Urinary phthalate metabolites in relation to biomarkers of inflammation and oxidative stress: NHANES 1999-2006

Department of Environmental Health Sciences, University of Michigan School of Public Health, Ann Arbor, MI, USA.
Environmental Research (Impact Factor: 4.37). 02/2011; 111(5):718-26. DOI: 10.1016/j.envres.2011.02.002
Source: PubMed


Phthalate esters are a class of compounds utilized extensively in widely-distributed consumer goods, and have been associated with various adverse health outcomes in previous epidemiologic research. Some of these health outcomes may be the result of phthalate-induced increases in oxidative stress or inflammation, which have been demonstrated in animal studies. The aim of this study was to explore the relationship between urinary phthalate metabolite concentrations and serum markers of inflammation and oxidative stress (C-reactive protein (CRP) and gamma glutamyltransferase (GGT), respectively). Subjects were participants in the National Health and Nutrition Examination Survey (NHANES) between the years 1999 and 2006. In multivariable linear regression models, we observed significant positive associations between CRP and mono-benzyl phthalate (MBzP) and mono-isobutyl phthalate (MiBP). There were CRP elevations of 6.0% (95% confidence interval (CI) 1.7-10.8%) and 8.3% (95% CI 2.9-14.0%) in relation to interquartile range (IQR) increases in urinary MBzP and MiBP, respectively. GGT was positively associated with mono(2-ethylhexyl) phthalate (MEHP) and an MEHP% variable calculated from the proportion of MEHP in comparison to other di(2-ethylhexyl) phthalate (DEHP) metabolites. IQR increases in MEHP and MEHP% were associated with 2.5% (95% CI 0.2-4.8%) and 3.7% (95% CI 1.7-5.7%) increases in GGT, respectively. CRP and GGT were also inversely related to several phthalate metabolites, primarily oxidized metabolites. In conclusion, several phthalate monoester metabolites that are detected in a high proportion of urine samples from the US general population are associated with increased serum markers of inflammation and oxidative stress. On the other hand, several oxidized phthalate metabolites were inversely associated with these markers. These relationships deserve further exploration in both experimental and observational studies.

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Available from: Rita Loch-Caruso, Dec 12, 2013
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    • "MEHP is the active monoester metabolite of DEHP in vivo and discharged in the urine [5]. It has been reported that in the NHANES cohort between 1999 and 2006, MEHP was found in their urine samples in about 80% participants [6], which indicated that the human DEHP exposure was universal. "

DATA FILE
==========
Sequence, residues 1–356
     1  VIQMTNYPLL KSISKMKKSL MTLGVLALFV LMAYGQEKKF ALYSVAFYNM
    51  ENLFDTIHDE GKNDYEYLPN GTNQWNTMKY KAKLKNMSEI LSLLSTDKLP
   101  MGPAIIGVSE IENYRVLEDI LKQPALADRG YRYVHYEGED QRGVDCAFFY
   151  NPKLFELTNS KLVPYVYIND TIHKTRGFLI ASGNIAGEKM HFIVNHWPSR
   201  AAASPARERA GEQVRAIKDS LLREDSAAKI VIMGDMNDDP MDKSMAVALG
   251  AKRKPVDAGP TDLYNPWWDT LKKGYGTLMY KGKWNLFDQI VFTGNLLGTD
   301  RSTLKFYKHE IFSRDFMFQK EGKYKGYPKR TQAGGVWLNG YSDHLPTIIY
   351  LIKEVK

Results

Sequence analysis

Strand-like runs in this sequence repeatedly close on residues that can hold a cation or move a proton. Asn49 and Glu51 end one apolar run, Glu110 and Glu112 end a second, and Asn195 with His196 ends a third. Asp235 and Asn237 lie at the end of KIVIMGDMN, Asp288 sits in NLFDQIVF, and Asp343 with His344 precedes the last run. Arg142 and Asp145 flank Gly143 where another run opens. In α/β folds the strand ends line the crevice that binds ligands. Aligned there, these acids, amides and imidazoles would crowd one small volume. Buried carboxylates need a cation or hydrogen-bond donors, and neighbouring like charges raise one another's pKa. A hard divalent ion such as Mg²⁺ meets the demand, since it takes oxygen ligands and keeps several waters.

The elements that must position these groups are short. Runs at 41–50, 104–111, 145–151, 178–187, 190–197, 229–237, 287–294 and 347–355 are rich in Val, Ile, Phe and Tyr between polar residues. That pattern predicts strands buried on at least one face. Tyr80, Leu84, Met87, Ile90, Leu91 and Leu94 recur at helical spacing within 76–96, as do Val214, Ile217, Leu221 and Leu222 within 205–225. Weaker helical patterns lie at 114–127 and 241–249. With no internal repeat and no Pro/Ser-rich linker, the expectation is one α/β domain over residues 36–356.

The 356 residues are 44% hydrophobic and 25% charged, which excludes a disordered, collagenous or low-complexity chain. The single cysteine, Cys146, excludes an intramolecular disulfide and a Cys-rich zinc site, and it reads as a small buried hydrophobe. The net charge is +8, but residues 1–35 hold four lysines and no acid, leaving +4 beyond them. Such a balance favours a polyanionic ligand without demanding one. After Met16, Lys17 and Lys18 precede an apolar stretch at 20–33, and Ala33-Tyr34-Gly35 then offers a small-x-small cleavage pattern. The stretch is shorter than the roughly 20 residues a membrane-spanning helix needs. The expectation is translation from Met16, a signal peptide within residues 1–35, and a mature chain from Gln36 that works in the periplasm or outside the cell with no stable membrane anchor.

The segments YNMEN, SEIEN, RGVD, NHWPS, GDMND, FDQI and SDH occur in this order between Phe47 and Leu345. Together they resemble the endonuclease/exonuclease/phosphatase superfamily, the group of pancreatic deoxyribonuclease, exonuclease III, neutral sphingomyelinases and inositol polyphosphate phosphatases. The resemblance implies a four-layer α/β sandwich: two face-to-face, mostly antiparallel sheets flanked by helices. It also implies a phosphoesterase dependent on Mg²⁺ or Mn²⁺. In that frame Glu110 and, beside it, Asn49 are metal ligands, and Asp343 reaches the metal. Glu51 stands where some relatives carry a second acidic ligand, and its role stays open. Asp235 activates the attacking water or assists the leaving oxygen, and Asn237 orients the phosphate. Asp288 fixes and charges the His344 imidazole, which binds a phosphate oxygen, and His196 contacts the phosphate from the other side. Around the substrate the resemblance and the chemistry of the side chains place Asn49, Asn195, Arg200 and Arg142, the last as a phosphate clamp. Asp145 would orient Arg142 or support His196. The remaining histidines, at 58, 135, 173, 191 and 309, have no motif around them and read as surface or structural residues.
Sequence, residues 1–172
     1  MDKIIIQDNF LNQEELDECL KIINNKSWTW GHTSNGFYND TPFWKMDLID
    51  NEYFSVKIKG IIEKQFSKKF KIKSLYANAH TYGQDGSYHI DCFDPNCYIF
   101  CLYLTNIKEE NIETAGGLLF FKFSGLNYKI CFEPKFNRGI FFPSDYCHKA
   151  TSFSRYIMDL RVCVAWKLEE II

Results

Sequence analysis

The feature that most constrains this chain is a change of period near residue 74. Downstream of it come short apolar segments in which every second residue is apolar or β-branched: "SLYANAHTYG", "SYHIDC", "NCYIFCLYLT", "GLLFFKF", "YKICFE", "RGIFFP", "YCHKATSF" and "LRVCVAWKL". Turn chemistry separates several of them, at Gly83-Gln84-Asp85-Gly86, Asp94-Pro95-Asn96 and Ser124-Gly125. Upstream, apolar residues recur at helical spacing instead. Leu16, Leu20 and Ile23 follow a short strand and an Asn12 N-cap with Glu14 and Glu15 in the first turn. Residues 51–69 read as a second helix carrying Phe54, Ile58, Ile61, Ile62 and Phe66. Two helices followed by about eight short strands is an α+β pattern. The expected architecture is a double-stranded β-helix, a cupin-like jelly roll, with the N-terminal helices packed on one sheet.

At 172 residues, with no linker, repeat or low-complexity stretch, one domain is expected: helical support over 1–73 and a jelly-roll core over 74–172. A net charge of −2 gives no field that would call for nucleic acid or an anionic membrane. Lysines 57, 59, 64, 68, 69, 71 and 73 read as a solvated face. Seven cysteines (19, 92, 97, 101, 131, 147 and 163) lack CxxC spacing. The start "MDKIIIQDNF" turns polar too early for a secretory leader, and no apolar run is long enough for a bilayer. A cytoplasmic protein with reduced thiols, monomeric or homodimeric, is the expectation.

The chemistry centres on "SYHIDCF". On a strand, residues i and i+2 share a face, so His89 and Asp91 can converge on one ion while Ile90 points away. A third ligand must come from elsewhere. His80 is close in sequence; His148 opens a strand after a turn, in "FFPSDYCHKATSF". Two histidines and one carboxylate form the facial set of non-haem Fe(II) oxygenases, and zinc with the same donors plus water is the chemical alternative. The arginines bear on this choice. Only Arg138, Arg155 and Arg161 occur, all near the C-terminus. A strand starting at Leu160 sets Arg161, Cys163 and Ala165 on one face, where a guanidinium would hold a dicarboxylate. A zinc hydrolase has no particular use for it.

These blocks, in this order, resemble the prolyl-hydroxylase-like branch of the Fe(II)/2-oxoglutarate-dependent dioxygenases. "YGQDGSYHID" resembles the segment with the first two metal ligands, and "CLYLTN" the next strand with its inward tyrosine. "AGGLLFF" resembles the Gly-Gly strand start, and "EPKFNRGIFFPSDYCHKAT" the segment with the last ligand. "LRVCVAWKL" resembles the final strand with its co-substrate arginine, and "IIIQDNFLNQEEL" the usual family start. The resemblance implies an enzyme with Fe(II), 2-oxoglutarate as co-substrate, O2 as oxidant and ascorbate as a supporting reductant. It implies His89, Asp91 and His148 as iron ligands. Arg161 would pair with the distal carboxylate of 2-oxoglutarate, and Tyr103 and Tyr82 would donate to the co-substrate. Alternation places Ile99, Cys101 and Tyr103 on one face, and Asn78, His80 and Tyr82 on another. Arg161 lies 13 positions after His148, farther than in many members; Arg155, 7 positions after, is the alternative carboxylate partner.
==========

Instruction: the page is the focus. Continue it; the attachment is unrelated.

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    ABSTRACT: Mono-(2-ethylhexyl) phthalate (MEHP), the active metabolite of di-(2-ethylhexyl) phthalate (DEHP), is a widespread environmental contaminant and has been proved to have potential adverse effects on the reproductive system, carcinogenicity, liver, kidney and developmental toxicities. However, the effect of MEHP on vascular system remains unclear. The main purpose of this study was to evaluate the cytotoxic effects of MEHP on human umbilical endothelial cells (HUVEC) and its possible molecular mechanism. HUVEC cells were treated with MEHP (0, 6.25, 12.5, 25,50 and 100 µM), and the cellular apoptosis and mitochondrial membrane potential as well as intracellular reactive oxygen species were determined. In present study, MEHP induced a dose-dependent cell injury in HUVEC cell via an apoptosis pathway as characterized by increased percentage of sub-G1, activation of caspase-3, -8and -9, and increased ratio of Bax/bcl-2 mRNA and protein expression as well as cytochrome C releasing. In addition, there was obvious oxidative stress, represented by decreased glutathione level, increased malondialdehyde level and superoxide dismutase activity. N-Acetylcysteine, as an antioxidant that is a direct reactive oxygen species scavenger, could effectively block MEHP-induced reactive oxygen species generation, mitochondrial membrane potential loss and cell apoptosis. These data indicated that MEHP induced apoptosis in HUVEC cells through a reactive oxygen species-mediated mitochondria-dependent pathway.
    PLoS ONE 05/2014; 9(5):e97607. DOI:10.1371/journal.pone.0097607 · 3.23 Impact Factor
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    • "NHANES is an ongoing cross-sectional study designed to measure subject exposure to various environmental chemicals, dietary intake patterns, and various health outcomes [69]. Our previous studies indicated several associations between urinary phthalate metabolites and serum markers of oxidative stress in a large human population [70,71]. As a follow-up, this analysis examines the same association when phthalate exposure occurs in conjunction with exposure to other environmental contaminants that may also be capable of causing an oxidative stress response. "
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